Kinderlach . . .
Who is in control of everything in the universe? Hashem. Who sends the cure to the sick people? Hashem. Who sends money to the poor people? Hashem. Who frees the captives? Hashem. Who gives a person the capacity to interpret dreams? Only Hashem. Yosef realized this as he stood before the leader of the world's superpower. Although Pharaoh wanted to give Yosef credit for this ability, he knew better. He put his life and salvation in danger and stated the clear, undisputable truth, "It is beyond me." Kinderlach, let us be inspired by Yosef's example and strengthen our emunah and bitachon in the One Who controls everything - "Ein ode milvado - There is none beside Him."vvii Devarim 4:35
Who can interpret Pharaoh's strange dreams? Not a single one of his "wise men". Suddenly the Minister of the Winery remembered that he had met a young man in prison, who had an uncanny ability to interpret dreams. This man was none other than Yosef HaTzaddik. How did the minister refer to Yosef? He was a naar Ivri eved (Jewish slave lad). The Netziv comments that each detail of this description is more amazing than the one before. He was a lad, who did not learn the wisdom necessary to interpret such dreams correctly. He was a Jew, who did not worship idols; therefore, he did not use witchcraft to understand the dreams. Lastly, he was a slave, who was surely not permitted to learn anything of value. Therefore, it was clear that his wisdom came from Hashem. The Netziv adds that this is not unusual, because it is known that the Jewish nation is not subject to the natural laws that govern other nations. They are under Hashem's direct supervision. Just as He is All Powerful, there is no limit to what they can accomplish.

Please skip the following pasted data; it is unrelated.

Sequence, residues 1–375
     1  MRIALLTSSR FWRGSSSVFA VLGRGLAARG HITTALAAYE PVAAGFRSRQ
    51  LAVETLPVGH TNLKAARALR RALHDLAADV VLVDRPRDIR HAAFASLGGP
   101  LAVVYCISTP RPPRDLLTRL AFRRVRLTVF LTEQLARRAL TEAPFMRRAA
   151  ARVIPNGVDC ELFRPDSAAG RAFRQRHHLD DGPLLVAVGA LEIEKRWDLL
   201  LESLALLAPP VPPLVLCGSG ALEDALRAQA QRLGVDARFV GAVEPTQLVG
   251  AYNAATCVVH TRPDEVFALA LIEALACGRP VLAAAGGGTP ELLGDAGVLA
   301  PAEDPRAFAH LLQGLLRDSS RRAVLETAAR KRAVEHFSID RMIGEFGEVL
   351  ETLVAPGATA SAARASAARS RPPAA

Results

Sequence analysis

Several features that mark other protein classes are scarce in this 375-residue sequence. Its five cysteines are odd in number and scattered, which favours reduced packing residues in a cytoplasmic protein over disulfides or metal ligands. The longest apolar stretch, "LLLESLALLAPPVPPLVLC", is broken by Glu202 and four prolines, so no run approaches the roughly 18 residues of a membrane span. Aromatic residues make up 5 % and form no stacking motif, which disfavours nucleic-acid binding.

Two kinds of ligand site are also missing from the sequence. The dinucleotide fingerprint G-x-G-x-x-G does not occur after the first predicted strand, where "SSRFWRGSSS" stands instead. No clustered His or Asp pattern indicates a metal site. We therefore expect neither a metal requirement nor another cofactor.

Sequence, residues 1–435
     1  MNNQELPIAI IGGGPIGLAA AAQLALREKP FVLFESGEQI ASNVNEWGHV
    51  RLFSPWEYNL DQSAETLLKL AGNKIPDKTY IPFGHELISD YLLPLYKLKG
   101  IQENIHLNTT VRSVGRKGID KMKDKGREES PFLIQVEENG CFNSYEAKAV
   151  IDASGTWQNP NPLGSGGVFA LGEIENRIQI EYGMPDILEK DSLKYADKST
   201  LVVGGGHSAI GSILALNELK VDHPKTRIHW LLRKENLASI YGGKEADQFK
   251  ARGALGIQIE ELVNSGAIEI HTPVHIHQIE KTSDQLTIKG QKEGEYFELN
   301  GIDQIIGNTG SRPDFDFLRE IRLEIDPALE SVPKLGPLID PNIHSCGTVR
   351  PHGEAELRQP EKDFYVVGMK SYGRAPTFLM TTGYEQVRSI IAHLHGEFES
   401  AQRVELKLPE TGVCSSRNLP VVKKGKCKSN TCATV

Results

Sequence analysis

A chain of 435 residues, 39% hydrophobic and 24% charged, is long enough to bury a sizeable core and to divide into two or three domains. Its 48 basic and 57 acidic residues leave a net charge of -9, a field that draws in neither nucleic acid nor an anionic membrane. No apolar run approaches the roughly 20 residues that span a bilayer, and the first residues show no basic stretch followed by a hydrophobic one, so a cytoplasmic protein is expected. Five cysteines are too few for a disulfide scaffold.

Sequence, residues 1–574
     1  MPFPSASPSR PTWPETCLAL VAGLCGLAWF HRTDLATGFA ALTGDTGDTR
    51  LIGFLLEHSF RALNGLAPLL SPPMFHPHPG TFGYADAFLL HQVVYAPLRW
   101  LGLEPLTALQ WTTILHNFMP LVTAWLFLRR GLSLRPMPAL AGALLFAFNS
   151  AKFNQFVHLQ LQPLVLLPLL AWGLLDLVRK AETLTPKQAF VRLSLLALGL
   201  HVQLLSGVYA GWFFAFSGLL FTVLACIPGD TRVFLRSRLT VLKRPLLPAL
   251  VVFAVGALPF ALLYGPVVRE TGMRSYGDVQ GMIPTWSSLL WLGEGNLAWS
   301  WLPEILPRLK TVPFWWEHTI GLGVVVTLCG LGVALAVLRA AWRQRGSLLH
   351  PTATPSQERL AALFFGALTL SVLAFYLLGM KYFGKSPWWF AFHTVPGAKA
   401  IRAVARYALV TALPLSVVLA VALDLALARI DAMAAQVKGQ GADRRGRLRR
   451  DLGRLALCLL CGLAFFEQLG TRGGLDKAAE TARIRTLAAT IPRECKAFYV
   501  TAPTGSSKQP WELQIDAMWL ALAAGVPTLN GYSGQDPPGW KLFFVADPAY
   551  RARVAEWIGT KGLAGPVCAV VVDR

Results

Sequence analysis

Kinderlach . . .
"I'll never do well on this test. There is just not enough time to review enough." "I will never finish all of this housework in time." "I will never be able to make shalom with that neighbor." "I will never understand this page of Gemora." "I will never be able to stop overeating." Kinderlach, if we were like other people, these statements might be true. However, we are Hashem's special nation. As we said before, we are very dear to Him. When we show our love for Him, He pays personal attention to us, giving us extra special siyata dishmaya (Heavenly assistance). There is nothing that we cannot accomplish.